the personal morals.‖ The purpose of this study is to identify the impact that spiritual development has on holistic development. and values of the student serve as the common thread between the multitude of student services and experiences available to them. In looking at Maslow‘s Hierarchy of Needs (1943). the exact linkage between holistic student development and success and the spiritual development of students has . It is clear that spirituality is an important part of a student‘s identity. and encourage spiritual development in higher education. and in the process. analyzing. Therefore. it is quite easy to become consumed with one specific area or set of learning outcomes. 2001. Buehler. In the eyes of a student. to become (rather than learn about) the answers they seek‖ (Scott. and education of the student in order to create a higher level of understanding. There is a substantial need to understand. From a professional standpoint. beliefs. However. p. There is no widely accepted theory devoted to holistic development. but the transforming of people—enabling students to address their fundamental questions. support. and meaning-making. it appears that the ultimate needs people seek to fulfill are those related to self-actualization.5 important that practitioners and administrators focus on the all of the various components with which students develop their identity as ―the primary goal of higher education should not be the imparting of facts. development. The multiple entities in student affairs on a campus are all working simultaneously to create and foster some sort of student success. & Felder. however. whether or not that student believes identifies as a religious person. such as personal growth and fulfillment. which very easily lend themselves to the realm of spiritual development and understanding the ―inner self. but there is an overwhelming consensus in higher education to stimulate and support growth. maturity. 99). the work that administrators and practitioners of higher education perform in those designated silos create the fabric of the student‘s collegiate experience. ethics.

be it through the completion of general education requirements. or spiritual needs. All of these elements of a college campus may seem disjointed. the growing availability of study abroad opportunities. publications. but each sphere of the campus experience contributes to the development and support of the whole student. it is evident that there is a strong emphasis on creating well-rounded graduates. which oftentimes serve as the basis for decisionmaking. encouragement to participate in on-campus activities or organizations. .6 not yet been explained by research. this researcher will conduct interviews about spirituality with college students. Examining current best practices in all areas of higher education across the nation. or even the grand expansions of student wellness centers or recreational complexes. theories. beliefs. as well as draw upon noted researchers. In hopes to more fully comprehend the connection between spiritual development and overall student development. Noticeably absent are widely available initiatives that focus strictly on the maturing of a student‘s morals. and models in the field of higher education and related fields.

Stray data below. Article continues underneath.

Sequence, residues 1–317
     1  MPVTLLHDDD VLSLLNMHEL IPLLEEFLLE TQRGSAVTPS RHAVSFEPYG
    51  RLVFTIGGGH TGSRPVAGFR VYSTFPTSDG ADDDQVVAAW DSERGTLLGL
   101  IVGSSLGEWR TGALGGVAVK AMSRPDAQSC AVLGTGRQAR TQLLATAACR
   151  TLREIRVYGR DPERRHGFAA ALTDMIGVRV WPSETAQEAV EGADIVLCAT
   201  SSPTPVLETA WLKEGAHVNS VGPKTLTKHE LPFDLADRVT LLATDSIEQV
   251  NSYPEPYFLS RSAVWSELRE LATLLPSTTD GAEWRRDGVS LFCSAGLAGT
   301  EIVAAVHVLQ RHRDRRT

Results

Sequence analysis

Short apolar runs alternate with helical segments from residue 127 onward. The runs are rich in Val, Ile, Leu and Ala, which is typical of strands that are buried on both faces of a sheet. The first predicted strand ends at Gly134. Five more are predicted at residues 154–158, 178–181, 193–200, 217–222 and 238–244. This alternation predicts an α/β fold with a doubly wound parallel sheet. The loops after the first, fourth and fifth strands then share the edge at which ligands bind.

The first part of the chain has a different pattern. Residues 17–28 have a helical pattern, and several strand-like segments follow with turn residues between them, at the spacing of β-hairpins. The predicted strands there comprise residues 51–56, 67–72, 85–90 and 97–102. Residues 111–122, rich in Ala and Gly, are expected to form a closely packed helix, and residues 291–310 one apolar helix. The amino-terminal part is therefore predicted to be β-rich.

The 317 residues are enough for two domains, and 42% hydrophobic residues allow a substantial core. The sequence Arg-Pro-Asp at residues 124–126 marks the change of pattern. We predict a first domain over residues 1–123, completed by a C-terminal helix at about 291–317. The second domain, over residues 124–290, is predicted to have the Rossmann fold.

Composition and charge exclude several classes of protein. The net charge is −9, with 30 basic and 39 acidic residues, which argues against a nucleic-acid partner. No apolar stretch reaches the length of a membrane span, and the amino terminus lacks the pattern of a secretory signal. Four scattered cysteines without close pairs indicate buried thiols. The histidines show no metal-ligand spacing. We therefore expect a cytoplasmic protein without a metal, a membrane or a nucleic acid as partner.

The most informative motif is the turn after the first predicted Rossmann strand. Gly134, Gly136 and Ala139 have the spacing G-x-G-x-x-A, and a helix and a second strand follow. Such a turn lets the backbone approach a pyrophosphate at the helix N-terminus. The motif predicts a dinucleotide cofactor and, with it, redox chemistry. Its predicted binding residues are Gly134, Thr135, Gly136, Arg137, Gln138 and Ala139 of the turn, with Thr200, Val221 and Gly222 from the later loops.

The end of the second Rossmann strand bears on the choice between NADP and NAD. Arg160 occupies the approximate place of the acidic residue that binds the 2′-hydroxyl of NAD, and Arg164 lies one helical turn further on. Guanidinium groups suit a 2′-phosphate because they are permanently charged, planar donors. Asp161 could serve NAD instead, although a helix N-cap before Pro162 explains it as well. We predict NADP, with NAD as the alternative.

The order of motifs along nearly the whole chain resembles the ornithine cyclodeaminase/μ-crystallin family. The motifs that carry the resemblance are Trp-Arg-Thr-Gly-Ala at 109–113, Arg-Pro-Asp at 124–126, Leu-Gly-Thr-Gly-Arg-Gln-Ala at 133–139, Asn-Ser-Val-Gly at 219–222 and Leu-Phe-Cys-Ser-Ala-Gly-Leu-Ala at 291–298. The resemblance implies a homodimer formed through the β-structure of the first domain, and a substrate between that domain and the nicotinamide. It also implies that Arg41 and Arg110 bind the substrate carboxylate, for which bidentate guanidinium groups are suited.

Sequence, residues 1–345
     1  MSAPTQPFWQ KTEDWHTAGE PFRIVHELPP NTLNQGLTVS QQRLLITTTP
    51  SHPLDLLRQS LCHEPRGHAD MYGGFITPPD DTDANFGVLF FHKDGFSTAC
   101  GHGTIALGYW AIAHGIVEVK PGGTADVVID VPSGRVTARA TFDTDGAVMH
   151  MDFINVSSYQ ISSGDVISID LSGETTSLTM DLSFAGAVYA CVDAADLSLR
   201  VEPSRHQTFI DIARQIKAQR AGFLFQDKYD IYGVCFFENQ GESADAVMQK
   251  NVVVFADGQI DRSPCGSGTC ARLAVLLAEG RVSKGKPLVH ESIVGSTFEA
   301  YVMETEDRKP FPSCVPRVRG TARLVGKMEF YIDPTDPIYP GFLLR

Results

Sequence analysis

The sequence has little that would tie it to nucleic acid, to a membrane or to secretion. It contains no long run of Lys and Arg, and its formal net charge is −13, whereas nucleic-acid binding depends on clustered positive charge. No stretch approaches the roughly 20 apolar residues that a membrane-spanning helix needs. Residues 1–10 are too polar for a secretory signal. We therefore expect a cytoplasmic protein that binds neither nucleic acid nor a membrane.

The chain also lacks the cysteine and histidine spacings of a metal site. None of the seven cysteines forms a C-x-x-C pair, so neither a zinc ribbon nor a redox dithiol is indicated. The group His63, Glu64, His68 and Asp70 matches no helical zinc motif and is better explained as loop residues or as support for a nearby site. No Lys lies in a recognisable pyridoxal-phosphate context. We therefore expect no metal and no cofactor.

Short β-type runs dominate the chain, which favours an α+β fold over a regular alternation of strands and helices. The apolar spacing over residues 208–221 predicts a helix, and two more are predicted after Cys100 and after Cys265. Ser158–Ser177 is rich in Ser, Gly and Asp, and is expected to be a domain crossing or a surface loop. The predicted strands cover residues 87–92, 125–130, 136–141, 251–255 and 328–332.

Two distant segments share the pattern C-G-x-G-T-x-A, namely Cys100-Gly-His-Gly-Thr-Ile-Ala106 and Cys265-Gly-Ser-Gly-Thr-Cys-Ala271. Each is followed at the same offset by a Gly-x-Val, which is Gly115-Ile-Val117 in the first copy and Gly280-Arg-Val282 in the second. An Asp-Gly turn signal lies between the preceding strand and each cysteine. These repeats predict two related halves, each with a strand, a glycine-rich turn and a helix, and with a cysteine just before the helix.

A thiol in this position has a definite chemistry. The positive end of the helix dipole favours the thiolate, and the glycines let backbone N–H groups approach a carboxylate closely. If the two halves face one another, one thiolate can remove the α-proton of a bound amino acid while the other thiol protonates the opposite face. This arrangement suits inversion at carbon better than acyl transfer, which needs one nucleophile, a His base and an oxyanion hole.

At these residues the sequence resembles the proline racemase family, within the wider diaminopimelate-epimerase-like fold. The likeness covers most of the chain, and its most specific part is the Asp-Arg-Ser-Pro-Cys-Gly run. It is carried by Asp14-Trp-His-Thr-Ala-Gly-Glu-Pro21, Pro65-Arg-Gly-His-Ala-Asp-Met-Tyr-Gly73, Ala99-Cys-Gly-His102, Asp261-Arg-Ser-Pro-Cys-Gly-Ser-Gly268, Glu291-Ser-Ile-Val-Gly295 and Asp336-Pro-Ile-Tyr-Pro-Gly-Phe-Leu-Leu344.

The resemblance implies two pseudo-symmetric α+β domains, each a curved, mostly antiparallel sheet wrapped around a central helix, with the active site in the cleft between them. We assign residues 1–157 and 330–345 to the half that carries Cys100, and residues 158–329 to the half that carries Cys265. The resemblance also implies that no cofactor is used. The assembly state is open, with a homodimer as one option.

The dominant principle of campus life in the pre-sixties universities was in loco parentis (in place of parents). However. The separation between religion and state entities has placed a strong stigma against the discussion of spirituality in higher education. In the early foundations of higher education. 1949). but recent developments in student development theory exhibit the importance of these discussions. 1937. The roots of higher education are based in personal development. technology. While there has never been a set of theories that fully addressed holistic development. more focus has been placed on the acquisition of practical knowledge. for example. with the growth of industry. there has been an acute focus on the development of students in higher education (Student Personnel Point of View. and information. That same housemother 7 . Judy Raper (2001) describes this concept and why it disappeared from higher education. 1937. but with the advent of technology and the expansion of knowledge across the curriculum. namely the spiritual development of college students. all theories tend to point back to the idea of achieve positive growth and change. 1949). from programming to curriculum. This key idea in the profession touches a plethora of areas. Since the early 1940s. some of the characteristics that comprise an individual have been overlooked. In those days students who violated curfew would arrive back at their dorms only to be greeted by a disapproving housemother.CHAPTER 2 REVIEW OF LITERATURE Student affair practitioners place a large amount of emphasis on the understanding and practice of student development. THE FOUNDATIONS OF STUDENT DEVELOPMENT THEORY Student development is one of the core concepts upon which the student affairs profession was built (Student Personnel Point of View. traces of student development were apparent in the concept of in loco parentis. This continual splintering of development theories leaves some students or some elements of identity unaddressed. and it is ever broadening to address new subpopulations of college students.